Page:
Foxborough (Mass.) Water-Works.
The accompanying illustration shows the plan of the waterworks system of Foxborough, Mass., recently constructed by Frank L. Fuller, C. E., Boston. The following particulars of the works are taken from his report to the commissioners :
Surveys were begun in December, 1889, for the purpose of ascertaining the best source of supply, the proper location of a pumping station and stand-pipe, the length and size of pipe required, number of hydrants required and their location. Accurate levels were also taken on every street to determine what the water pressure would be, in order that the weights of the cast-iron pipes might be properly proportioned to withstand the strain to which they would be subjected.
During the early part of January, 1890, five test wells were driven in the neighborhood of the “ Fales spring,” so called, which is located southeast of the Neponset reservoir, and about 900 feet north of Mechanic street. These wells, covering a considerable area, were driven to a depth of about thirty feet. Samples of the material through which these wells passed were taken at intervals of four or five feet and preserved in glass bottles for future examination and comparison. In all cases this material proved to be coarse, waterbearing gravel, of excellent quality to furnish an abundant supply of pure water.
This locality was finally adopted as a source of supply, and has fully justified the expectations formed at ‘he time the tests were made. Copies of the analyses of the water by the Massachusetts State Board of Health, given in this report, show the water to be of exceptional purity. It is also very soft for a ground water, being even softer than Sudbury river water supplied to the city of Boston.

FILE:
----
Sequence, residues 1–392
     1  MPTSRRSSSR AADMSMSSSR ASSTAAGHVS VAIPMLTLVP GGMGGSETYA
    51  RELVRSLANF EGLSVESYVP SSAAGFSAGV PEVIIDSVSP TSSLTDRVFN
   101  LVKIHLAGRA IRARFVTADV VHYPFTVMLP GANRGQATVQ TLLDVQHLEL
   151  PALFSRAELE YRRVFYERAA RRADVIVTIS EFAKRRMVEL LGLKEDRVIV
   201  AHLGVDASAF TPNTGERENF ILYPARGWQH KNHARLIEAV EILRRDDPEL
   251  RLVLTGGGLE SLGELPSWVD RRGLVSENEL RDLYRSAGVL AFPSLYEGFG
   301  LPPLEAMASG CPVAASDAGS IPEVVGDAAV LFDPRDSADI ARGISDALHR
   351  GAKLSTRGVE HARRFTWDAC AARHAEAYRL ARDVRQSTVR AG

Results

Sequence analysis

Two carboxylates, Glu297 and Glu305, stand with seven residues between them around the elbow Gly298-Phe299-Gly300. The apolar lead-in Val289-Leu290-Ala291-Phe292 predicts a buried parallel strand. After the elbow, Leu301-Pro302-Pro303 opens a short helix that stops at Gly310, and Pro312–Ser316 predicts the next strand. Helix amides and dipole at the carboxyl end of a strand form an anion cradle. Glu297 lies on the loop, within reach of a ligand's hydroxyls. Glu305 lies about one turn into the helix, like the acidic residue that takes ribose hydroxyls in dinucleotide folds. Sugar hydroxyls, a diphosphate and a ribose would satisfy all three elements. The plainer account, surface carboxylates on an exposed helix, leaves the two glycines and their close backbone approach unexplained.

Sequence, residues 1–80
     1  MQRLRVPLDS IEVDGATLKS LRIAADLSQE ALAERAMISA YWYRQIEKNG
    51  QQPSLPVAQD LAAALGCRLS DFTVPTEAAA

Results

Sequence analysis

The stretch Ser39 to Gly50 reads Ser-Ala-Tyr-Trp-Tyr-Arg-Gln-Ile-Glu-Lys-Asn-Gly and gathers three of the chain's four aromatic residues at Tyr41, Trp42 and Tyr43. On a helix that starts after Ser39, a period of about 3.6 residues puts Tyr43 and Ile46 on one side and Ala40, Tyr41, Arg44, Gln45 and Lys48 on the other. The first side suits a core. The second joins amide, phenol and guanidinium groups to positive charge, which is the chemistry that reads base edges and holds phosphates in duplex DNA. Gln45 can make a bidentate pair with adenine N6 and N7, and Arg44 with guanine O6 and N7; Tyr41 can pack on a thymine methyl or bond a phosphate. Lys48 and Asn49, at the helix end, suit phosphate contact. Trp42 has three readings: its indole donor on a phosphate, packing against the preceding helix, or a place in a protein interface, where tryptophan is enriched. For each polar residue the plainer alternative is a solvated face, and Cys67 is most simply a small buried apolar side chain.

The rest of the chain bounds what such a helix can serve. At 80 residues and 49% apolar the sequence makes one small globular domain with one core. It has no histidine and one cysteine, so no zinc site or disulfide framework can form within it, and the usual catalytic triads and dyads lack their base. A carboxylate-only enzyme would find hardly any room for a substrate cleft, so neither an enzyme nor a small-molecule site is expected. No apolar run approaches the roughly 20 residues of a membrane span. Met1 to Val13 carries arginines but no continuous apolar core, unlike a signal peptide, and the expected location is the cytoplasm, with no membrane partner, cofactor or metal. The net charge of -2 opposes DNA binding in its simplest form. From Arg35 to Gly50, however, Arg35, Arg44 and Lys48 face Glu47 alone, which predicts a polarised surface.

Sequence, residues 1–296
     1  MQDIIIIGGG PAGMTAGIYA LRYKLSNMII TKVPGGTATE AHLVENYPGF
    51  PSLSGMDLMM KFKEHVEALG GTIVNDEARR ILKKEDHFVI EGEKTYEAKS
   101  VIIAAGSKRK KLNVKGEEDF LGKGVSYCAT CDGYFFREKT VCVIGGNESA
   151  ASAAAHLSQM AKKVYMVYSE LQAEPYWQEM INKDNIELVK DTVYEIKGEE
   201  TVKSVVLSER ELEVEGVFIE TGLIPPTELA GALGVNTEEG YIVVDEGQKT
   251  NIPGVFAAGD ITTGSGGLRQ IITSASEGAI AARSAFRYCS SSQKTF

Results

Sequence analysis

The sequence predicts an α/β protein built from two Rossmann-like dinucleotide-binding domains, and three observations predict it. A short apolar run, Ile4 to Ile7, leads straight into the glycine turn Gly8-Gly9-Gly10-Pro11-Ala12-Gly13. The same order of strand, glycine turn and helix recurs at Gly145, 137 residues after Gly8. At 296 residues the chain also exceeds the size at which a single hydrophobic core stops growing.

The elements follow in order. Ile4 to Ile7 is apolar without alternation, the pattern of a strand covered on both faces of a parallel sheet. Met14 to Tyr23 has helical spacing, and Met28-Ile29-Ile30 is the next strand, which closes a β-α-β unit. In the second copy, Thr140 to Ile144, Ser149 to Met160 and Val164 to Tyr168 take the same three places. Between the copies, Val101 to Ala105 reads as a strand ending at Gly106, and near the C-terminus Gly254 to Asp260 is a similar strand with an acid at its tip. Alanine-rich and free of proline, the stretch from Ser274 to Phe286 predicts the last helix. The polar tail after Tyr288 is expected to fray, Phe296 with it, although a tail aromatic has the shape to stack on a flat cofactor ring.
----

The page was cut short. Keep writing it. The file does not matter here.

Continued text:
The plan proposed called for 6.44 miles of pipe from 12 to 4 inches diameter; stand-pipe, 22 feet in diameter and 100 feet high, having its top at an elevation of 423 feet above sea level. Subsequent conditions changed the height of the standpipe to 120 feet high, making the top of the elevation 427 feet. There were five bids for pipe, the contract being awarded to the McNeal Pipe aud Foundry Company of Burlington, N. J., and for laying same to Nahum Perry, Attleborough, Mass. The contract for driven wells was let to W. D. Andrews & Brother, Brooklyn, N. V., for twenty-four two-inch wells at a cost of $5000. The Cunningham Iron Works Company of Boston contracted for the stand-pipe at $6170 ; the gates and hydrants were awarded to I.udlow Valve Company, Troy, N. V.; the pumping engine to George F. Blake Manufacturing Company, Boston. For the construction of the pumping station there were seven bidders, the lowest being that of William O’Connell, Canton, $4450. The report of Mr. Fuller is very complete, and shows the results of the various tests of machinery, wells and stand-pipe, all of which proved very satisfactory.